When I told the president that I was conflicted about being "representative of traditional French", he said, "Just do your cuisine." I remembered that when I was asked to be the executive chef at the time of the relocation.

Also, Restuarant Guy LASSAUSAIE, with whom we had a partnership, was very supportive about the relocation and said they would definitely like to have a showcase at the new restaurant, which gave me a boost.

We are now in an era where Japanese people are playing a very active role in the world of French cuisine. Various dots are connecting as lines, and I have come to think that there is no need to be too particular about the value of directly importing authentic French cuisine.

The Innovation of "Face to Face Authentic French Cuisine" x "Firewood" in Osaka

From there, we developed the concept of the restaurant, which adopted the counter style and became a very innovative form of French cuisine. There are now several restaurants like this around the world, and it is gradually giving birth to a new trend. However, it is not yet established enough to be called a style.

Another thing I really wanted to offer was a wood-fired oven in the center. Wood is difficult to control, but it can be used for delicate firing and is a heat source that allows the chef to express his or her individuality. I don't think there are many authentic French restaurants in Osaka that use wood-fired ovens.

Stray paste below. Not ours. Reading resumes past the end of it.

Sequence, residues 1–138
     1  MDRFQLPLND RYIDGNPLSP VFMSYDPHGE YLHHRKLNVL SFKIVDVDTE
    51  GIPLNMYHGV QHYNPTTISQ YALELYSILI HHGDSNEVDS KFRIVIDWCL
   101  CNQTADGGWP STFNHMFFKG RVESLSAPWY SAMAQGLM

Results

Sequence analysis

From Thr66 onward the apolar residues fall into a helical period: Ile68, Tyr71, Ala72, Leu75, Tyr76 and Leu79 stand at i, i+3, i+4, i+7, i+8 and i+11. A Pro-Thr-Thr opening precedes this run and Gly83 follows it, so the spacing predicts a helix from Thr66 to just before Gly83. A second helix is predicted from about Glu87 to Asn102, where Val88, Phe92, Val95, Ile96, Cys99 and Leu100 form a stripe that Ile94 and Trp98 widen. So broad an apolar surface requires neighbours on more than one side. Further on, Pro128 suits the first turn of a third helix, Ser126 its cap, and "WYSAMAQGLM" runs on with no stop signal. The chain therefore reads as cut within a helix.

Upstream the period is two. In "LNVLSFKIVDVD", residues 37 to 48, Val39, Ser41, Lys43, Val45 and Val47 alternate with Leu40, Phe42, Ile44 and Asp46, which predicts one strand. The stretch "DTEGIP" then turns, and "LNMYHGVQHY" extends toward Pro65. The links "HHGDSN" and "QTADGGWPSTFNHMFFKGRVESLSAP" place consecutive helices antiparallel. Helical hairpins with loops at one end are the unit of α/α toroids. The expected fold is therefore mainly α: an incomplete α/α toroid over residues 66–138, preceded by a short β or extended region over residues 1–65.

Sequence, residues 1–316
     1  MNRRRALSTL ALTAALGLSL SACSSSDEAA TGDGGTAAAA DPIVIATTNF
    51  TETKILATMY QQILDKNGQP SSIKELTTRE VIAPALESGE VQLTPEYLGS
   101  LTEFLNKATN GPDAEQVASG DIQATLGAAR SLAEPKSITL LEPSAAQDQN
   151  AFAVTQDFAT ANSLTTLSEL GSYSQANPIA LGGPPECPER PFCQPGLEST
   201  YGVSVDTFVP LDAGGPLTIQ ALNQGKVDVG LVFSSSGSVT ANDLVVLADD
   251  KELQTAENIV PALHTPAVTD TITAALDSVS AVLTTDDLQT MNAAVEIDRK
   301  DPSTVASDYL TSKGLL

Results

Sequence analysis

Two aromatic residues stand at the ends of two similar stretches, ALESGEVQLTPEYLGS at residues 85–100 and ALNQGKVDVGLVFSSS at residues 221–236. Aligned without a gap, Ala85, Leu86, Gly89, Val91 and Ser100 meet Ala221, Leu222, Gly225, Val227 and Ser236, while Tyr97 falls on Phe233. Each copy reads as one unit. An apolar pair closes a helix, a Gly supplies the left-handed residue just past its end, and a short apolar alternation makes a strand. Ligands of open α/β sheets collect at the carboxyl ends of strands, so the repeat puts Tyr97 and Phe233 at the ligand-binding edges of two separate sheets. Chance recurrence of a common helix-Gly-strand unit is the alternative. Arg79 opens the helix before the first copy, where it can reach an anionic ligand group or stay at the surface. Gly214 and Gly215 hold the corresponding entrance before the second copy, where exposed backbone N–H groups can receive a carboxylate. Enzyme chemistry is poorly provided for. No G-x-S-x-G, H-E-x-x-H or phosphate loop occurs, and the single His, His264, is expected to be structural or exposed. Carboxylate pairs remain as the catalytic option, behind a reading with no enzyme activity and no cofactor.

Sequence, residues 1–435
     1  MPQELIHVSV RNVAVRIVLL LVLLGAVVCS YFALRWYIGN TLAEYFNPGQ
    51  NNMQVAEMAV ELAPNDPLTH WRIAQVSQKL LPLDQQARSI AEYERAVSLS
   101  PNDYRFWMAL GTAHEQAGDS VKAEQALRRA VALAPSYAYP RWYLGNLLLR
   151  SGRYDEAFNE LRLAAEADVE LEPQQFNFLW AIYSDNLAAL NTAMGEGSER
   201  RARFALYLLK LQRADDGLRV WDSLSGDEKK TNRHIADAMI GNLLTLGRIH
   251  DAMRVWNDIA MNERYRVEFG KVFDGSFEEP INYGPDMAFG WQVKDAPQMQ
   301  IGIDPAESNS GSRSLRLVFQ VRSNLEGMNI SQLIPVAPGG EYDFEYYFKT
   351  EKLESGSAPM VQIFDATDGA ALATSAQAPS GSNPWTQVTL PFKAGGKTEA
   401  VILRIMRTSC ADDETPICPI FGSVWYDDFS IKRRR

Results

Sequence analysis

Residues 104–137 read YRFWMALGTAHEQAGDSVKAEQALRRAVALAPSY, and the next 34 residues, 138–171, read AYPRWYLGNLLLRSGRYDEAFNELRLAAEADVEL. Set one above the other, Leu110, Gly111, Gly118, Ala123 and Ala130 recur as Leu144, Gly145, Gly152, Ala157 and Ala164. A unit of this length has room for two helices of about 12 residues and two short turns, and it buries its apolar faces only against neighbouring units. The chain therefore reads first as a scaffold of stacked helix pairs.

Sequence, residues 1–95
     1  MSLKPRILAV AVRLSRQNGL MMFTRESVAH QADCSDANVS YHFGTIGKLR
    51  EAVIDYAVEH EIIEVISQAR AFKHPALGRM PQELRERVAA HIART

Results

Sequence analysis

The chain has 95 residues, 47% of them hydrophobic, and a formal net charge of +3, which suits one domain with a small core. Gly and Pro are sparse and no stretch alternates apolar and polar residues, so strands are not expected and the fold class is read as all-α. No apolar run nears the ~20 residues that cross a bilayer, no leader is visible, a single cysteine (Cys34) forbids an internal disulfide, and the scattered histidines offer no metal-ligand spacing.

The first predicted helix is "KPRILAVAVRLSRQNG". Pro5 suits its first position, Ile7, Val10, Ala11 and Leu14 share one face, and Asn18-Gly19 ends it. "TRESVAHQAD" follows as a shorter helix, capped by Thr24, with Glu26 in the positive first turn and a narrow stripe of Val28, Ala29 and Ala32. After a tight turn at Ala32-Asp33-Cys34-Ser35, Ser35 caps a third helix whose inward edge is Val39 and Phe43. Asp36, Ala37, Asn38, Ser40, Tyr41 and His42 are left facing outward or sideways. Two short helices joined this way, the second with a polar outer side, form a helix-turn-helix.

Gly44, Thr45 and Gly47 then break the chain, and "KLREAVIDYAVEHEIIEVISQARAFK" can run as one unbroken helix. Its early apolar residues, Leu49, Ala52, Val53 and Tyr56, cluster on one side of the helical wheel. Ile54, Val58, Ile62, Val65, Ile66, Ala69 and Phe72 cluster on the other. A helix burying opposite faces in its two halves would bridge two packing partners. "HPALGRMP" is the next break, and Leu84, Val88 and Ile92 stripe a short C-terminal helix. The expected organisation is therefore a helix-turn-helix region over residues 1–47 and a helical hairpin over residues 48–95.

Since this is something we are doing for the first time, we are making improvements through a thorough test kitchen, considering various elements such as "which operations should be done in front of our customers," "it's okay for the operations that customers can enjoy the aroma, but those that make too much noise should be done in the back," and "standing in front of our guests all the time can make them feel overpowered."

I don't think there are many places that have been created on such a scale, team, and concept. I hope you will enjoy the atmosphere of the wood-fired oven and the live atmosphere at the counter, the private rooms that the Obayashi team has carefully selected, and the cuisine that we have newly interpreted as Le Pont de Ciel, based on French traditions.

A new challenge in a chef's life that I thought was the final stage

I am already at a career and age where I can safely say I am in the final stages of my culinary life. Time will surely pass by in a flash. The Obayashi Corporation has taken on the space and many talented staff for a major project in the center of Osaka as a big challenge, and I would like to face it with the intention of being an active member of the company for the rest of my life.

Shop Info

Le Pont De Ciel

〒541-0014 Nippon Life Yodoyabashi Bld. B1F, Kitahama 3-5-29, Chuo-ku, Osaka, JAPAN

URL for reservation:https://www.tablecheck.com/en/shops/lepontdeciel/reserve